Before leaving, they surprised us again by handling a souvenir! Two small sake cups (one glass and one wooden). I can’t wait to drink Sake with these little gifts 😉
16:00 Naritasan Shinshoji Temple
The last stop of the tour was Naritasan Shinshoji Temple, the magnificent temple complex near Narita Airport in Chiba Prefecture. It’s one of the most visited Buddhist temples in Japan. We enjoyed strolling inside the temple site which is formed with multiple buildings including the main hall and several pagodas with vivid colours and astonishing architecture designs. Several structures at Naritasan temple have been designated National Important Cultural Properties. The approached to the temple has numbers of shops offering traditional crafts, food and souvenirs.
Around 5 pm, we left the temple and headed back to Tokyo Station. As it was slowly getting dark outside, I enjoyed gazing Tokyo’s night cityscape including the Tokyo Station which is one of the most popular photo spots in the city.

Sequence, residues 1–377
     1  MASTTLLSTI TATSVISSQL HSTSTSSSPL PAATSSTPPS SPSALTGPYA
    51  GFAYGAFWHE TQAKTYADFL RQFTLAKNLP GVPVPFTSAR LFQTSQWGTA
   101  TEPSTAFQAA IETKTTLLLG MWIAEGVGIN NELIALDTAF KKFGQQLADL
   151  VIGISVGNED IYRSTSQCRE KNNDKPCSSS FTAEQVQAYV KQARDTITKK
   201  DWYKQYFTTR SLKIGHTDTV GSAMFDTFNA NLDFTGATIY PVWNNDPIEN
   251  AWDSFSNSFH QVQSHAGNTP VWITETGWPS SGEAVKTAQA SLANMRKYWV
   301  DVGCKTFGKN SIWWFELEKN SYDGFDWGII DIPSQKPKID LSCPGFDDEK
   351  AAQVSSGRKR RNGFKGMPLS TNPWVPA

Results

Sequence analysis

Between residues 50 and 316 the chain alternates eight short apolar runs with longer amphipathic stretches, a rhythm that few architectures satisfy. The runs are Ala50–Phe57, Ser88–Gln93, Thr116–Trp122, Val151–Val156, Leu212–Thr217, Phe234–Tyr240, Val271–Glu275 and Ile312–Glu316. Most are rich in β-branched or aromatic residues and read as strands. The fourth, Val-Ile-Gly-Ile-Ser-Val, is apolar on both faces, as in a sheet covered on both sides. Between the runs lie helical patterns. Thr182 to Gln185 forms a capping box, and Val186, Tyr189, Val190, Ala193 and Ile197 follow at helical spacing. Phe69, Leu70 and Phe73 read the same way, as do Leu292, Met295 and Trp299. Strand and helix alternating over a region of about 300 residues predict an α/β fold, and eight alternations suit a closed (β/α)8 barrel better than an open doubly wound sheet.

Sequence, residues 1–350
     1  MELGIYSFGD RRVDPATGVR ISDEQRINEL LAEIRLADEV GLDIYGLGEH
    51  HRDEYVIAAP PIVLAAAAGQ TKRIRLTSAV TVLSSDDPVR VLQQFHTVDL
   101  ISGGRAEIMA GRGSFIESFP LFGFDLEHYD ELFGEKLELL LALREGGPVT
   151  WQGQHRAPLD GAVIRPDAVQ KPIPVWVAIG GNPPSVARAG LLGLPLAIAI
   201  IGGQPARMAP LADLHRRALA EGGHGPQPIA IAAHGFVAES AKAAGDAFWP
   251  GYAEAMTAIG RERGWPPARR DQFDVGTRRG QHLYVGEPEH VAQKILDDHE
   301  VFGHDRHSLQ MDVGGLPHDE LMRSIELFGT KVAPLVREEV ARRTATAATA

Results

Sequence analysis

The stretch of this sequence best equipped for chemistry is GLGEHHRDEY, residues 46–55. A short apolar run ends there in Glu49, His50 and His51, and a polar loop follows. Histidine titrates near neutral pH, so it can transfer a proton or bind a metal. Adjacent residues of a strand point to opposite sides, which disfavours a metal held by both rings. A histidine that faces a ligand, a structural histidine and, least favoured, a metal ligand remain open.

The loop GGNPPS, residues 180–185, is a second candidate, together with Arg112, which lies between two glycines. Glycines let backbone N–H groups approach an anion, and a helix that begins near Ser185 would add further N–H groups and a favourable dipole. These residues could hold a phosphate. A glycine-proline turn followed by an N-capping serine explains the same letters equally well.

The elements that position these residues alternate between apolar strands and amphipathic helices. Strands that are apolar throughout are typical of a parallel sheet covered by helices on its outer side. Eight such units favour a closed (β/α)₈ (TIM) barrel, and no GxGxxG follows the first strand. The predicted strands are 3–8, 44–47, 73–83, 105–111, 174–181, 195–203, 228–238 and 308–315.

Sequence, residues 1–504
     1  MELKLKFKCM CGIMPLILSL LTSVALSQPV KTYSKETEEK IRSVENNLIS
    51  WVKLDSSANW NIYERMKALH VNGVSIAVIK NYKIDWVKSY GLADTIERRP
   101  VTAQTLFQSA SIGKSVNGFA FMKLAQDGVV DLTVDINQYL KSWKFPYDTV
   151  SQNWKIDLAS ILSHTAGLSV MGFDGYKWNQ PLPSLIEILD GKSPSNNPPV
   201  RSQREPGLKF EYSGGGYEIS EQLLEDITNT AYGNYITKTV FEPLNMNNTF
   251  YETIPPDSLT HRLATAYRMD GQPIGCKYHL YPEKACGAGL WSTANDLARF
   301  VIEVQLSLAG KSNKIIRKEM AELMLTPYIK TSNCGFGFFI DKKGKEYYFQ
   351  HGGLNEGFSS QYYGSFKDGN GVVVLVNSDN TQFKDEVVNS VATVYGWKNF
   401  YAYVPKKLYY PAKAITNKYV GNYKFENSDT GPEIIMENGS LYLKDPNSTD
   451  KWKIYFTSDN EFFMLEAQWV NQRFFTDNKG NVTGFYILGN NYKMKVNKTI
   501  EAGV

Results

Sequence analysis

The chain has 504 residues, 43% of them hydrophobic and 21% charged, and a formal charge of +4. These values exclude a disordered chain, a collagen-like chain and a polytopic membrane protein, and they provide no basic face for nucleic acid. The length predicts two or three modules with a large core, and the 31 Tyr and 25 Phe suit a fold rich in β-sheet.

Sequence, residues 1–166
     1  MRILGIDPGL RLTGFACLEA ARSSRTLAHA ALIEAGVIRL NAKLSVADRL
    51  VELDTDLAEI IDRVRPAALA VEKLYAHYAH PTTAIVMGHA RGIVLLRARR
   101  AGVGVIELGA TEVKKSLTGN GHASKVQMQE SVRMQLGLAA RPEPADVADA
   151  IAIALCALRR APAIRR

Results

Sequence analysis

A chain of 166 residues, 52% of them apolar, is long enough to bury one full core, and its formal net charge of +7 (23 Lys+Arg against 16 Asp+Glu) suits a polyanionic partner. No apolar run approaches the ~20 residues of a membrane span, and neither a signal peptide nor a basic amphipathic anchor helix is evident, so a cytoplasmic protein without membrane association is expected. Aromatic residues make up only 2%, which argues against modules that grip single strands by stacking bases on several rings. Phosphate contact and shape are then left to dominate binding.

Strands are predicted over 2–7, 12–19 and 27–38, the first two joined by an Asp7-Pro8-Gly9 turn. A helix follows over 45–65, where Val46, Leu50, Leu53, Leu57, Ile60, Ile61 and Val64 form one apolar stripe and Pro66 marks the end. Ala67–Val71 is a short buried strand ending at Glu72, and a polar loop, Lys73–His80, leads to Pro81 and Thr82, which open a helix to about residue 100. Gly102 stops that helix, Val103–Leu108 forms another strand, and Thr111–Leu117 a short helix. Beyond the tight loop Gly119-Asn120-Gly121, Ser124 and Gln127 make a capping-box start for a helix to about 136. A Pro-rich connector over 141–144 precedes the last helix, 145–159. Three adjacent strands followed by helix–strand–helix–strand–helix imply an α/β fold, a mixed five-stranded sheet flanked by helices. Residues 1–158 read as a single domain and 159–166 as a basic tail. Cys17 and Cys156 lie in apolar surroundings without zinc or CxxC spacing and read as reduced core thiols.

First of all, I’d like to give special thanks to our tour guide Aki san, who was a wonderful guide and the experience wouldn’t have been the same without her. She is an absolute expert in Japanese hospitality industry who is fluent in English and has a lot of knowledge about Japanese culture, history and traditions as well as a huge understanding of western culture as she has spent a number of years in abroad. Through the journey, she entertained us all the way until the end of the tour, not only by talking but also by using things like illustration, Origami papers and unique toys, and singing. She also shared a lot of knowledge and tips with us so I could learn a lot of things about the places we visited and generally about Japan. Thank you Aki san for the wonderful time!